Emmys Give Awards to…Really?

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Emmys Give Awards to…Really?

Michael Mathis, Staff Writer

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Neil Patrick Harris is a showstopper in himself. His memorable four years hosting The Tony Awards, complete with lavish musical numbers and exuberant energy, made him a no-brainer to host this year’s Emmy Awards.

However, this year, the jaw-dropping moments were instead the awards themselves, not the host.

Yes indeed, the 2013 Emmy Awards was a somber night full of surprises, upsets, and regrets. Awards left and right were given out, but not into the hands I hoped would grasp them.

To begin, a great upset came from the Outstanding Comedy Series winner, “Modern Family.” While the show has won the category four years in a row, it seems as though the comedic empire has been slowly deteriorating. According to Zap2It.com, on Wednesday night, the Modern Family season premiere had 11.45 million viewers, down almost 20% from last year’s season premiere which had 14.44 million viewers. I believed Aly Semigran of Hollywood.com just about summed it up when she called the ABC sitcom “the most predictable show on television.” It’s true, and people are realizing it more and more. Maybe it was time to usher in a new winner, a show that can pioneer the next age of TV comedy with something completely original. Something like FX’s “Louie,” which throws out the sitcom-playbook entirely. The program takes brutal honesty to a whole new level to create something hysterically brilliant.

Maybe it was silly for me to think that the Academy would give the award to the underdog, but then again, in a night with this many surprises, I guess it was not unwise to be optimistic.

However, perhaps the biggest surprise came from Outstanding Lead Actor for a Drama Series, in which Jeff Daniels of HBO’s “The Newsroom” took home the gold over popular favorites, including “Breaking Bad’s” Bryan Cranston and “Mad Men’s” Jon Hamm. While Cranston has received the award three times for his portrayal of Walter White, Hamm, although nominated for the award every year since 2008, has never once had his name engraved in an Emmy of his own. Throughout his show’s run, Hamm has added a level of depth to his character. Don Draper is an awful, pathetic person, but Hamm’s portrayal has led us to be both sympathetic and unsympathetic to him at the same, which I believe is the mark of a true actor.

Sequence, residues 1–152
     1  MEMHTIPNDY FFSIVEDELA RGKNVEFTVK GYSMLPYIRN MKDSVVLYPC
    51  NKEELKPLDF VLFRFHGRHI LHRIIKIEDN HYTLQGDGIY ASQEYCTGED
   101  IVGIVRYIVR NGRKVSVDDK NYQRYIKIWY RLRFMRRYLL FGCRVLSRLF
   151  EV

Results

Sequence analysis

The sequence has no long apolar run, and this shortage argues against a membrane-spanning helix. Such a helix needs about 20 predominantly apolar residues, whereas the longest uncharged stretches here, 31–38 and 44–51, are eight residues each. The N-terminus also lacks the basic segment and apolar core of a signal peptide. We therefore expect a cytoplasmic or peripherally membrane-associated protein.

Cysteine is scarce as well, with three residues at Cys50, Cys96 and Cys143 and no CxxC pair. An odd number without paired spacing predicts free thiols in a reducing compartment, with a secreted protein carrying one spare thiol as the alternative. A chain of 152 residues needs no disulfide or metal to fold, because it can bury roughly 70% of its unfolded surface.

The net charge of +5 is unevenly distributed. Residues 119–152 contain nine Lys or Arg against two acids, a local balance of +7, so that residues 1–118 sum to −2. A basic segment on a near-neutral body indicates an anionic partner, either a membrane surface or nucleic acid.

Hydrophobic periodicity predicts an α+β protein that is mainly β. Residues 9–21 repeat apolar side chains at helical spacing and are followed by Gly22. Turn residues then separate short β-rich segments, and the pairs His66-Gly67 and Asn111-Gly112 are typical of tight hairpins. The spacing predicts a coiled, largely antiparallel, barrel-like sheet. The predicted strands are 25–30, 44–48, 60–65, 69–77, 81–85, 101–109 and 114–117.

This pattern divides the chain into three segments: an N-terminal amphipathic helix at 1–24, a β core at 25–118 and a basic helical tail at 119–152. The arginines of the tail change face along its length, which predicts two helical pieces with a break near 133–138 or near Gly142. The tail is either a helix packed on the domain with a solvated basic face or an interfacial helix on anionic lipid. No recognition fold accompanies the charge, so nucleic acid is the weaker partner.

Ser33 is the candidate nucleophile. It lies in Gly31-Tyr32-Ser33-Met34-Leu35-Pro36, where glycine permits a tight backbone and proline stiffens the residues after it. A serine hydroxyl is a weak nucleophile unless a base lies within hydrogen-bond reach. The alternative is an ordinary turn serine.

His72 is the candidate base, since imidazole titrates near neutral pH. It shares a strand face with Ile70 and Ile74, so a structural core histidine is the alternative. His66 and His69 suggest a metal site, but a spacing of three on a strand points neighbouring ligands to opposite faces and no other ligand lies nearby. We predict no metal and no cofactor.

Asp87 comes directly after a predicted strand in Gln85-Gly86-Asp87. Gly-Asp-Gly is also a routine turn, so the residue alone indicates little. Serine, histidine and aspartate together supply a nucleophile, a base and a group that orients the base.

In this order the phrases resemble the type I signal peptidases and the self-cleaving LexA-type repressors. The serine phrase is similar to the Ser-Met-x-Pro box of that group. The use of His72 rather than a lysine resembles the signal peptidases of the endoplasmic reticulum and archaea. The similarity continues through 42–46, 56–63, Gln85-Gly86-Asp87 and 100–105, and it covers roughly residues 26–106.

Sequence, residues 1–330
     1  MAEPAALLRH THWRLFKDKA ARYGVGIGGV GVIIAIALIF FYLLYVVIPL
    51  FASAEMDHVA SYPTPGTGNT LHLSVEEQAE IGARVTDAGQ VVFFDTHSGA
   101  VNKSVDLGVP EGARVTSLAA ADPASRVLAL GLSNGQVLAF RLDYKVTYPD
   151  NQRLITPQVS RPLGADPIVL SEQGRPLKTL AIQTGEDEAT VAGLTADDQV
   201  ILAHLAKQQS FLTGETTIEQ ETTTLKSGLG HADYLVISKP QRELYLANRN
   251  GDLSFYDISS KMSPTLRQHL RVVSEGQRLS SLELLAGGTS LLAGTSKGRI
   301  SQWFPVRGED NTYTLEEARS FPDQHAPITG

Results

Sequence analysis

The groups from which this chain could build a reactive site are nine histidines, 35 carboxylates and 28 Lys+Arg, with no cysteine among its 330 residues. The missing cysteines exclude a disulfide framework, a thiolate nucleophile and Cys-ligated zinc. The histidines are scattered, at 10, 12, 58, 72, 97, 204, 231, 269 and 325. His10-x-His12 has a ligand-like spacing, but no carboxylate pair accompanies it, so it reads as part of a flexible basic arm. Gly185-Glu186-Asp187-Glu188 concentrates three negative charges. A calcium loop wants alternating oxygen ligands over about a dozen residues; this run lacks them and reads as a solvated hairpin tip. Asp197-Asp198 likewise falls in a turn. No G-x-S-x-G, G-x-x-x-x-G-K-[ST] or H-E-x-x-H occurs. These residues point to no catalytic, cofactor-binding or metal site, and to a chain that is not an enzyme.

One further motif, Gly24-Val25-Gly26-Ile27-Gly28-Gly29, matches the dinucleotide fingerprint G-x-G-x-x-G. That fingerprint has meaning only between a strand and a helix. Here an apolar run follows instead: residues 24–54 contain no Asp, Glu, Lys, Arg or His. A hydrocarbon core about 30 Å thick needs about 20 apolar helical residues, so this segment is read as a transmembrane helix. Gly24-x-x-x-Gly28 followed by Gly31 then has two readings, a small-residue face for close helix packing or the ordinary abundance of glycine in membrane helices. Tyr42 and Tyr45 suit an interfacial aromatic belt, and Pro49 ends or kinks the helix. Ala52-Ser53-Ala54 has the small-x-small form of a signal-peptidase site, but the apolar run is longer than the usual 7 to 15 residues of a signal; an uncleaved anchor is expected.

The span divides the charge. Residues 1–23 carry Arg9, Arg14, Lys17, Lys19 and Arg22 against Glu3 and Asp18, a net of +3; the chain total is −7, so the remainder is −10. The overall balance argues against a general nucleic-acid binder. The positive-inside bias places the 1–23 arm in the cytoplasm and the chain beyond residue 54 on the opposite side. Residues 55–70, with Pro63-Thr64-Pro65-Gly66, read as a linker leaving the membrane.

Besides, with “Mad Men’s” final season planned to begin airing this coming spring, it seemed it was high time Hamm was recognized for his work as one of the best leading men in TV today. Jeff Daniels is a fine actor, but Hamm deserves the statute.

However, there were some awards that did end up going to the right people. “Breaking Bad’s” Anna Gunn, who plays Skyler on the show, received an Outstanding Supporting Actress award for her role. In addition, the show took home the top prize, winning for Outstanding Drama Series. It was a high note to end an unusually low-key Emmy Awards.

But I’m not alone in my shock and awe at some of the winners. Just ask Neil Patrick Harris.

“This just in, everyone is losing their office Emmy pools,” he joked mid-way through the Emmys.

Harris spoke what was on everyone’s minds. This year may have had its surprises, but public reaction is reason enough to hope that next year, the awards will go to those who deserve them.

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